Woodside Looks for Headway on Stalled Browse LNG Project

By Robb M. StewartFeaturesDow Jones Newswires

MELBOURNE, Australia--Woodside Petroleum Ltd. could put its stalled Browse gas-export project back on the drawing board later this year as it looks to an anticipated market shortfall of liquefied natural gas in the years ahead.

The Australian oil-and-gas producer is considering options to leverage existing infrastructure in Australia's far west, bringing in natural-gas from new offshore fields. That includes targeting a fresh development plan for Browse by the end of the year and pushing ahead with studies to possibly expand its Pluto operation.

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Woodside and its partners shelved plans in early 2016 for a floating vessel that would draw in and process gas because they couldn't drive production costs low enough amid a slump in oil prices. The project had already been delayed several times and the plans altered from earlier onshore concepts.

Australia has been an epicenter of LNG development in recent years, with more than US$200 billion committed to vast projects to chill and ship natural gas, setting it up to overtake Qatar as the world's leading LNG exporter.

Last month, Malaysia's state-owned Petroliam Nasional Bhd., or Petronas, blamed prolonged low gas prices for scrapping a multi billion-dollar plan to build the Pacific NorthWest LNG project on Canada's west coast. The same month, Qatar Petroleum said it planned to increase LNG supplies by 30% over the next seven years, doubling the size of a major project in a massive subsea Persian Gulf gas field shared with Iran.

"Only the lowest-cost supply will get into the market," Woodside Chief Executive Peter Coleman said in an interview Wednesday, after the energy company reported a jump in its first-half profit.

While new "mega greenfield" projects need to be underpinned by longer-term supply contracts, developments that are built around existing liquefaction operations have a cost and risk advantage.

Mr. Coleman said the company's "brownfield" projects could be ready for a final investment decision from late 2019, the early part of a prospective window if supply is to be ready to meet a forecast market shortfall. Although global supply has surged in recent years, LNG demand has continued to grow and supply has been absorbed by existing buyers in Japan, Korea and China as well as newer users, including India, he said.

The preferred option for Browse would be to run its gas through the established North West Shelf operation and gas from the Scarborough field, also off Western Australia, through Pluto, Mr. Coleman told investors during a post-results briefing. Venture partners in Browse have agreed to using North West Shelf as the reference for any development, although agreement would depend on terms and conditions, he said.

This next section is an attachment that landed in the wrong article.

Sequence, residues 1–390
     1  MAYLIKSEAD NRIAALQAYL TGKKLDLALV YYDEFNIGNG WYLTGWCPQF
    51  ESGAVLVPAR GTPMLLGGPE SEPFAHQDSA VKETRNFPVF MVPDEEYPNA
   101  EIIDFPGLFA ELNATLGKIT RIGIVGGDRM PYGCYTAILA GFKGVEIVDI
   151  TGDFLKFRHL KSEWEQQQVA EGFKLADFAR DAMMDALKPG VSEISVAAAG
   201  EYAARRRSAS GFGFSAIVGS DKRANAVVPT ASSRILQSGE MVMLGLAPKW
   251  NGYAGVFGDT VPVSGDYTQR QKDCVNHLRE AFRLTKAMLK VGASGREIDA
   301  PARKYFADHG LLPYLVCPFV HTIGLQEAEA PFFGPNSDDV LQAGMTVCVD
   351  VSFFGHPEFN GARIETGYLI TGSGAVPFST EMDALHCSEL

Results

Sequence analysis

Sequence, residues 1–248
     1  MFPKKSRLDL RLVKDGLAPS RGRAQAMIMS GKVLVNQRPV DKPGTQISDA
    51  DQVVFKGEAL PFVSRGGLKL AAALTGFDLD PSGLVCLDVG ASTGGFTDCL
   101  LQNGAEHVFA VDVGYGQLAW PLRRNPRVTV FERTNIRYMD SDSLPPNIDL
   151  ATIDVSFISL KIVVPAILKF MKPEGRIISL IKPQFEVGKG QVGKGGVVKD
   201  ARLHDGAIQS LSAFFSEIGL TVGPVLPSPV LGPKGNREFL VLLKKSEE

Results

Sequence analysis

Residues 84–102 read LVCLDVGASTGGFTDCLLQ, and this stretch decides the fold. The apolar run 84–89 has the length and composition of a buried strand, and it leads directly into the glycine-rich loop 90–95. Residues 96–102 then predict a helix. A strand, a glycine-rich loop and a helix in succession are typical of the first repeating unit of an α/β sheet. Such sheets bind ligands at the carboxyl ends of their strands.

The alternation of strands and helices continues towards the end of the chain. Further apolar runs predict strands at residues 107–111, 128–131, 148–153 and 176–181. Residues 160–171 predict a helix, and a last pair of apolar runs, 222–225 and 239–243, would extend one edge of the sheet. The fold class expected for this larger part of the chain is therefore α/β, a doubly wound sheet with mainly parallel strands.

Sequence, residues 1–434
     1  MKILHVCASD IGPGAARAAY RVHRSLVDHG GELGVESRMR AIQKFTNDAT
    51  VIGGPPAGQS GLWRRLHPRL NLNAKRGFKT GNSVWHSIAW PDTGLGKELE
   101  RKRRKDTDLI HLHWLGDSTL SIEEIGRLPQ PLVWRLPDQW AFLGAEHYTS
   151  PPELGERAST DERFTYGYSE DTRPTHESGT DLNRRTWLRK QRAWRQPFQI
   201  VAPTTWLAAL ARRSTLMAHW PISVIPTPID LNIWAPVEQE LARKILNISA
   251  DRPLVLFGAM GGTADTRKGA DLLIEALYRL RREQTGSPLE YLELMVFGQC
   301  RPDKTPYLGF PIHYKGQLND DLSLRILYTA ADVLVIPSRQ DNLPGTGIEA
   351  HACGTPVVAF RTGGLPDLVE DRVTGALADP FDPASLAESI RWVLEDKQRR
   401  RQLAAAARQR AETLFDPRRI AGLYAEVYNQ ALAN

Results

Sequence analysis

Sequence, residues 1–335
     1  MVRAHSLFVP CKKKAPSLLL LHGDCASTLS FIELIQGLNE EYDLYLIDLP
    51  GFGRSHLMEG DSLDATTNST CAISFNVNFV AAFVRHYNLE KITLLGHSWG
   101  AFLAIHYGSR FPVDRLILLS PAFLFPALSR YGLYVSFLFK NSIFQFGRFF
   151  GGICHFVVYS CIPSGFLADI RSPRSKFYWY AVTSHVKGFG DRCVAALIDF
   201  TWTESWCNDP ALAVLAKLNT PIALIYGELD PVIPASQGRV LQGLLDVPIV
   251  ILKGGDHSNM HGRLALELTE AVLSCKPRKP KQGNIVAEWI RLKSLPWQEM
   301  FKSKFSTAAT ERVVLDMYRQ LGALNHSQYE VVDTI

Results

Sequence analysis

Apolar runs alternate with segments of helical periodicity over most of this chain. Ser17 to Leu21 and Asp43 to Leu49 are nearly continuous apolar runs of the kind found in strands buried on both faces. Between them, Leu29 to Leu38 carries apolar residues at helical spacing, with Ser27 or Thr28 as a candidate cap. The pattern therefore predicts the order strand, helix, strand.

The Browse project sits on an estimated resource of 15.4 trillion cubic feet of dry gas, plus 453 million barrels of condensate, in a basin about 425 kilometers north of Broome in Western Australia. Woodside and partners in late 2013 decided to push ahead with unproven floating technology and undersea development to produce LNG and in mid-2015 agreed on the front-end engineering and design phase of the project.

Woodside has an almost 31% stake in the Browse venture, while Royal Dutch Shell PLC has a 27% interest and BP PLC a little over 17%. The other partners include Japan Australia LNG and PetroChina Co.

Woodside has tipped a modest slide in production this year before it climbs about 15% through 2020, driven by the start-up of the US$34 billion Wheatstone LNG project being developed by Chevron Corp. and its own Greater Enfield oil project. The company also is positioning to boost its LNG capacity in the coming years, increase output at its Pluto LNG plant and potentially use its facilities as a hub for undeveloped gas fields in the region.

On Wednesday, Woodside said its half-year net profit climbed 49%, lifted by a recovery in oil and liquefied natural gas prices and reduction in costs. Profit was US$507 million in the six months through June, after sliding in line with crude-oil prices a year ago to US$340 million.

With the rise, the Perth-based energy company said it would pay an interim dividend of US$0.49 a shares, a 44% increase on last year.

Late last month, the company reported a 3.6% dip in half-year operating revenue to US$1.87 billion from US$1.94 billion, as sales volumes fell by a little over 9% on-year. However, the average price realized for its products was 10% higher for the period.

The company derives most of its earnings from LNG through output from the North West Shelf project, which has been operating since 1984, and Pluto which began producing in 2012. Much of the output is secured by long-term supply contracts, which tend to be priced against oil.

Write to Robb M. Stewart at

(END) Dow Jones Newswires

August 16, 2017 00:11 ET (04:11 GMT)